Ten years ago in 2005, Hong Kong action film SPL arrived, suggesting a triumphant return to the sort of film that Hong Kong has always done better than pretty much any industry on the planet; beautifully cheoreographed and edited hard-action cinema, the sort that’s only possible when you have a cast of martial artists and an experienced crew that knows how to shoot them to maximum effect.
In the intro to my write up back then, I called it:
A modern Hong Kong film, starring three very well-respected martial arts stars from different backgrounds, with a gritty, crime setting and a lot of neon lights and breaking glass. A throwback to the early nineties heyday of HK cinema, and a gauntlet thrown down to today’s slow-motion wire-fu pretty-boy films.
Well, the slow-motion wire-fu pretty-boy films are still with us, despite the SPL filmmakers’ efforts — perhaps even more so now, given the omnipresence of CGI and filmmakers’ (understandable) desire to address a larger, global market.
However, other gauntlets have been thrown down as well. We have seen the rise of Thai action cinema and star Tony Jaa (Ong Bak) in particular, which began shortly before the release of SPL, and was justly praised for it’s no-nonsense, real-stunts approach.
More recently, there’s also the considerable impact of hit Indonesian action films The Raid I and II, in which director Gareth Evans and star Iku Uwais managed to pull off some of the most impressive fight scenes and larger set-pieces I’ve seen in years.
And now, we have SPL II: A Time For Consequences to which the pull-quote above applies just as well as its predecessor. We swap out Donnie Yen and Sammo Hung for Tony Jaa (in top billing and great form) and wushu artist Zhang Jin (who played Ma San, the villain in The Grandmaster), while Wu Jing returns in a different role with a lot more screen time. Wilson Yip hands over the director’s chair to Soi Cheang (Dog Bite Dog, Motorway, The Monkey King), who’s certainly no stranger to genre film with a bit of character.
On to the story. Chan Kwok-wah (Simon Yam, also returning in a different role) is a Hong Kong detective chasing a crime syndicate with a bit of a specialisation in organ trafficking. Their main hope for cracking the gang’s operation is Kit (Wu Jing), a young cop who’s gone undercover and managed to join the gang — so far undercover that he’s become a drug addict. The gang is run by Hung Mun-gon (Louis Koo), an invalid with a rare blood type who’s on the lookout for a particular transplant himself.
Hung’s criminal business uses a locked-down wing of a prison in Thailand as a base of operations, run by chief warden Ko Chun (Zhang Jin, in particularly natty suits). Chatchai (Tony Jaa) is one of his regular prison guards; he’s devoted to his daughter, who has a rare form of leukemia and needs a compatible bone marrow donor.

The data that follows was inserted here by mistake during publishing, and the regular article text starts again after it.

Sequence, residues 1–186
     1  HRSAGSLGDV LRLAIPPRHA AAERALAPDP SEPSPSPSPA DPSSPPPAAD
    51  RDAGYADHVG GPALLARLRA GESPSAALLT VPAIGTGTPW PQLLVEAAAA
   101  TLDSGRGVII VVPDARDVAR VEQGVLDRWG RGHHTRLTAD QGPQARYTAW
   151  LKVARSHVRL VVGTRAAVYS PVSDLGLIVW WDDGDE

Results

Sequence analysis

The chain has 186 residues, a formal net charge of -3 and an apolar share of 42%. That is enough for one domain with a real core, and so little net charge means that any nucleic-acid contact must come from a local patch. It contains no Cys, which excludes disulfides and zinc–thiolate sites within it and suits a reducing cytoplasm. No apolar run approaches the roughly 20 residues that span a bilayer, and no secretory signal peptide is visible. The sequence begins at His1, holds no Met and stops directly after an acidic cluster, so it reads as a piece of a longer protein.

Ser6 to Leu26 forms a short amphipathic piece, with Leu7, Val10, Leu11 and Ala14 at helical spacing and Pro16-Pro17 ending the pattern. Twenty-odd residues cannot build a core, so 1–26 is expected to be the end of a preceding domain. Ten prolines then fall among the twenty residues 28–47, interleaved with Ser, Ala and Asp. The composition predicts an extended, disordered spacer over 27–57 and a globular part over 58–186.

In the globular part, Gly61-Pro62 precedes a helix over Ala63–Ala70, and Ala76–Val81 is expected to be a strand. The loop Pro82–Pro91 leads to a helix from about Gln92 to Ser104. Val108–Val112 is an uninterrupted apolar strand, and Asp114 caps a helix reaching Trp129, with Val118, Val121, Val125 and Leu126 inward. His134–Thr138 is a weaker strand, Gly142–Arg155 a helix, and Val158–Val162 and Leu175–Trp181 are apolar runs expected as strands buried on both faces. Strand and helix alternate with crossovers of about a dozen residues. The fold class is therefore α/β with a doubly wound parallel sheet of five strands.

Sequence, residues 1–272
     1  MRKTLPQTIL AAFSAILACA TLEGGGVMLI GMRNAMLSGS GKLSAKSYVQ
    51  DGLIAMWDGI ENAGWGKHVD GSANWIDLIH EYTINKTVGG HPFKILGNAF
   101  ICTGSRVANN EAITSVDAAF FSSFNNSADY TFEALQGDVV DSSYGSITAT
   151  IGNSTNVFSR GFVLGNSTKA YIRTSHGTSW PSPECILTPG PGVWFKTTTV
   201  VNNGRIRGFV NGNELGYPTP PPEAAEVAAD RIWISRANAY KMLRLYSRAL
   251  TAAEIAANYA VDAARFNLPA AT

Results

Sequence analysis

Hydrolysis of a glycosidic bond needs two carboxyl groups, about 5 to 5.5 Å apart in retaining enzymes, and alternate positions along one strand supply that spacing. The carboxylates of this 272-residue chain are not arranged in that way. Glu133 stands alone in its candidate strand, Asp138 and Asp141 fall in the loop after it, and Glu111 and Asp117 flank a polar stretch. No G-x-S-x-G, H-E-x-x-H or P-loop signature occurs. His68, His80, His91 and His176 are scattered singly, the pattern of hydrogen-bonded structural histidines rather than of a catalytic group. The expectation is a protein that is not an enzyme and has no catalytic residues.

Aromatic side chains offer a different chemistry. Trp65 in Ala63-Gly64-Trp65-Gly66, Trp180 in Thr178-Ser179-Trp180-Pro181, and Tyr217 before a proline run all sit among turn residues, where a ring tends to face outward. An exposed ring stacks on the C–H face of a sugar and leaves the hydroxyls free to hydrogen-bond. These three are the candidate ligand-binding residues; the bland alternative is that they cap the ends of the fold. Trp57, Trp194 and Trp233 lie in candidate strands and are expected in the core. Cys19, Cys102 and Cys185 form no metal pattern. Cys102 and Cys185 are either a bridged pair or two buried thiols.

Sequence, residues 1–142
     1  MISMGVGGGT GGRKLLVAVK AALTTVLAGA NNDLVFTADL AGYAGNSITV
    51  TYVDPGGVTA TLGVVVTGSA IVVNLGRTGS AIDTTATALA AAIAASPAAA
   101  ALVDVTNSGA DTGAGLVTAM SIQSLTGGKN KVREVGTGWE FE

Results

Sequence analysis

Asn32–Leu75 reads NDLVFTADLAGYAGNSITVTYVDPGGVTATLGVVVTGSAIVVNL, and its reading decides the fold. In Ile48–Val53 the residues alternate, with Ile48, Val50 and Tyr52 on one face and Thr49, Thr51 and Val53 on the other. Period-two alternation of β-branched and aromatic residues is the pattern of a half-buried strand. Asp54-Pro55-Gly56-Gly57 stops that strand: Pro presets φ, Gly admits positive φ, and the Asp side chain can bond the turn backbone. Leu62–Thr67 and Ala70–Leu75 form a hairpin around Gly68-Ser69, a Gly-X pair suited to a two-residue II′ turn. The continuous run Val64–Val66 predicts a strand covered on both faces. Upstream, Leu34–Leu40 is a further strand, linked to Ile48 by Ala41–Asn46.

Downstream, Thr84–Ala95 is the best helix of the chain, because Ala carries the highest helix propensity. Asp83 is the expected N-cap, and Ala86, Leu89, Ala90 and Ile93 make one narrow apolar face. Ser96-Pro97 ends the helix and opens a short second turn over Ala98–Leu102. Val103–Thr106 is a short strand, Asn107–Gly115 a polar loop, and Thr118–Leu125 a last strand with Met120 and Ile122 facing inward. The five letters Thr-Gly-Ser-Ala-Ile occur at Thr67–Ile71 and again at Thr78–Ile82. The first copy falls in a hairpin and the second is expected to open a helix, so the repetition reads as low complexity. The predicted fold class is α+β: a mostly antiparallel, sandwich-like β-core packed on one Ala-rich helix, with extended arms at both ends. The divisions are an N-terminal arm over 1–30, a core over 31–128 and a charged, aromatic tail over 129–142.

That’s just the setup. Like the first film, SPL II presents its characters with lots of connections and choices, occasionally straining at the bounds of credulity as it propels them towards their inevitable confrontations. Periodic doses of action and mayhem temper this effect, though, and the plot is never confusing despite all the threads in play — the result is a tight, entertaining film that anchors you to your seat.
Tony Jaa and Wu Jing share the limelight as the “good guys”, the former as the honest-guy-on-a-mission we’ve seen from Jaa in his Thai films, although this time he doesn’t have an artifact or an elephant to save. Instead, it’s his relationship with his daughter that drives him, and the writers (and the young actress in the role) do a decent job of establishing their relationship early on. Wu Jing’s character Kit, by contrast, is a tougher take on the undercover cop than usual: not only does he have to hide his true identity and keep in touch with his handlers, but he has to stay on top of the burgeoning drug habit that comes with the territory.
Louis Koo’s guest-star villain is remotely menacing and heavily accessorised, with glasses, surgical mask, walking stick and a slight wheeze, leaving most of the actual villainy to Zhang Jin’s Thai prison warden. Zhang, when he comes into his own, has a gymnast’s grace and speed (and occasional wire-enhanced control over gravity), which makes for an interesting counterpoint to Jaa and Wu’s much more grounded fighting styles. (In fact, Zhang’s fights in this film reminded me of Kim Won-jin’s spectacular turn in 1992’s The Scorpion King with Lau Kar-leung and Chin Kar-lok.) HK film fans will also spot veteran action actor Ken Lo as Jaa’s colleague Kwong, the older prison guard.
The fight scenes themselves are just about everything any fan of martial arts cinema could ask for, and it’s certainly the most impressive action film I’ve seen this year. All of the big action set-pieces work, and there are a couple in particular that stuck with me: a giant melee fight sequence (perhaps a nod to The Raid II‘s prison yard scene) filmed in one long take; and a baton-versus-knife fight in close quarters between Wu Jing and Zhang Chi that echoes Wu Jing’s encounter with Donnie Yen in the first film.
Fans who’ve been waiting (as I have) to see Tony Jaa work with a Chinese cast and crew should be delighted, and it’s great to see Wu Jing in a lead role in a martial arts picture again. See it, and be prepared to be as bemused by the ending as I was!